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Int Dent J ; 2021 Feb 17.
Artigo em Inglês | MEDLINE | ID: mdl-33610308


INTRODUCTION: Overseas-trained dentists comprise at least one-fourth of the overall Australian dental workforce. This study examined characteristics and practice differences between Australian- and overseas-trained dentists to identify key predictors that best differentiate their dentistry practices. METHODS: Data for the study were from the Longitudinal Study of Dentist Practice Activity (LSDPA), a survey of a nationally representative random sample of dentists in Australia commencing in 1983-1984 and repeated every 5 years. Dentists were surveyed on a wide range of items including participant characteristics, practice patterns, practice inputs, direct demand, and productivity measures. Data were weighted to provide national estimates by age, sex, and practice type. Discriminant function analysis was used to examine the predictor variables that best distinguished between the two groups. Analysis was limited to the most recent wave of the study. RESULTS: A total of 1148 dentists (response rate = 67%) responded to the survey in 2009-2010; 648 cases were available for the discriminant analysis. The discriminant functions for the full sample and each of the 3 age groups (<35 years; 35-50 years; and 50+ years) were found effective to separate dentists into 2 groups (Australian and overseas), with the proportion of cases correctly classified being highest for the oldest age group (89.7% for 50+ years). Female gender, type of practice (working in public sector), and working in disadvantaged areas were significant predictors, with more prominence in the 35- to 50-year age group. Practice inputs, demand, and productivity measures offered less discriminative capacity between the dentists. CONCLUSION: Overseas-trained dentists contribute towards providing dental care to underserved populations, the public sector, and in rural and remote locations. This study provided basis to argue that policies to encourage overseas-trained dentists to contribute towards areas of need locations have been successful, and key productivity measures were also similar to Australian-trained dentists.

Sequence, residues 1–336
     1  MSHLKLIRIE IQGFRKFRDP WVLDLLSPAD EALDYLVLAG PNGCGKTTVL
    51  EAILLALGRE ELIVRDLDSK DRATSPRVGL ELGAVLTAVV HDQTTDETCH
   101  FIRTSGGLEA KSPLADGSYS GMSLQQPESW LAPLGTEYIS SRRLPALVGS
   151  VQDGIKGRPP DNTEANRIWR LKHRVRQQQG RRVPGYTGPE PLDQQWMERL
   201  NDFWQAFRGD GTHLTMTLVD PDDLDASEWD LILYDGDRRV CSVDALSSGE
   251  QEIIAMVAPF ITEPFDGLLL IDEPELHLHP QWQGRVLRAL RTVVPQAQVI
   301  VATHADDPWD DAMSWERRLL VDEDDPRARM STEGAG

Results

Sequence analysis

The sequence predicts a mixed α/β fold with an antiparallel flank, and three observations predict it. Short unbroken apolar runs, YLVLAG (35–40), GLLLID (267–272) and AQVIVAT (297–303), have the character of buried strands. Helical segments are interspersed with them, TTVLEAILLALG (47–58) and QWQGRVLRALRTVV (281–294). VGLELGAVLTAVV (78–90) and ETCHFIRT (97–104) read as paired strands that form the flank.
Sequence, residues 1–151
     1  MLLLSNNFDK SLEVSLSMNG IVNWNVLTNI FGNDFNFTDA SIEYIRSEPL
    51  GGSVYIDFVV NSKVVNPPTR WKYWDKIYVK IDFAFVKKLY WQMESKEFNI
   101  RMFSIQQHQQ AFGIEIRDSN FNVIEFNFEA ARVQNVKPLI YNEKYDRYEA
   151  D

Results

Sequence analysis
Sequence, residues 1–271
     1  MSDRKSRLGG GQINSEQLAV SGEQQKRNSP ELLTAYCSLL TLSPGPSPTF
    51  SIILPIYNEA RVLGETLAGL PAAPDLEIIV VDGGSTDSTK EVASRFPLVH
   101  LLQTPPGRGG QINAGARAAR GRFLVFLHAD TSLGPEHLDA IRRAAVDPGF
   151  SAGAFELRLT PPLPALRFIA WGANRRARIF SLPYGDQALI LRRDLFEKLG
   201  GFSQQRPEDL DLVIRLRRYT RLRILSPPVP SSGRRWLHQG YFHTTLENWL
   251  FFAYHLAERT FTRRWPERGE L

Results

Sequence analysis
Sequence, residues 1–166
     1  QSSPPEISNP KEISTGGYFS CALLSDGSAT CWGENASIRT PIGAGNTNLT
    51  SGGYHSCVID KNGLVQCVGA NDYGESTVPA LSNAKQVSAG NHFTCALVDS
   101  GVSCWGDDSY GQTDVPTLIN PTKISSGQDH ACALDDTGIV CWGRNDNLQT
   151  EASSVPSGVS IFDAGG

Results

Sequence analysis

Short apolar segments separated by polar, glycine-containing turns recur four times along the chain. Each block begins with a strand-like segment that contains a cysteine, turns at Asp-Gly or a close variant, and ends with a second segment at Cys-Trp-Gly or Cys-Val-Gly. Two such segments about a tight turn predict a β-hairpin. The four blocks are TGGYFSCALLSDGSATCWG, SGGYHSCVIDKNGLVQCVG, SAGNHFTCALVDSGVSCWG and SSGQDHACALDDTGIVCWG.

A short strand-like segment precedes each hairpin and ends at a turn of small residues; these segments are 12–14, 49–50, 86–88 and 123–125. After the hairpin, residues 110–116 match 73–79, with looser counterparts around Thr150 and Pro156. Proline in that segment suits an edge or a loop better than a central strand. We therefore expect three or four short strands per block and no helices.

Aust Dent J ; 65 Suppl 1: S52-S58, 2020 06.
Artigo em Inglês | MEDLINE | ID: mdl-32583592


Periodontal diseases are some of the major oral diseases and conditions in adults. OBJECTIVE: The study aimed to present the population patterns of periodontal diseases and trends of periodontitis in the Australian adult population. METHODS: Data collected in the recent National Study of Adult Oral Health (NSAOH) 2017-18 were used to present the current population patterns of periodontal diseases. Periodontal assessment was carried out at three sites per tooth for all present teeth, excluding third molars. Prevalence of gingivitis, periodontal pocket depth of 4+ mm, gingival recession of 2+ mm, and clinical attachment loss of 4+ mm were calculated and reported. The US CDC/AAP case definition was used to define cases of moderate to severe periodontitis. NSAOH 2017-18 data were combined with data collected in NSAOH 2004-06 using similar methods to describe age- and cohort-related trends of periodontitis. RESULTS: The prevalence of periodontal diseases and conditions were relatively high in the Australian adult population. Some three in every ten Australian adults had moderate to severe periodontitis. There was a tendency of higher prevalence of periodontitis in NSAOH 2017-18 than in NSAOH 2004-06 among people of the same age. CONCLUSION: Periodontal diseases and conditions remain a significant problem in the Australian adult population.

Retração Gengival , Gengivite/epidemiologia , Doenças Periodontais/epidemiologia , Periodontite/epidemiologia , Adulto , Austrália/epidemiologia , Humanos , Perda da Inserção Periodontal , Prevalência
Gerodontology ; 23(4): 205-13, 2006 Dec.
Artigo em Inglês | MEDLINE | ID: mdl-17105501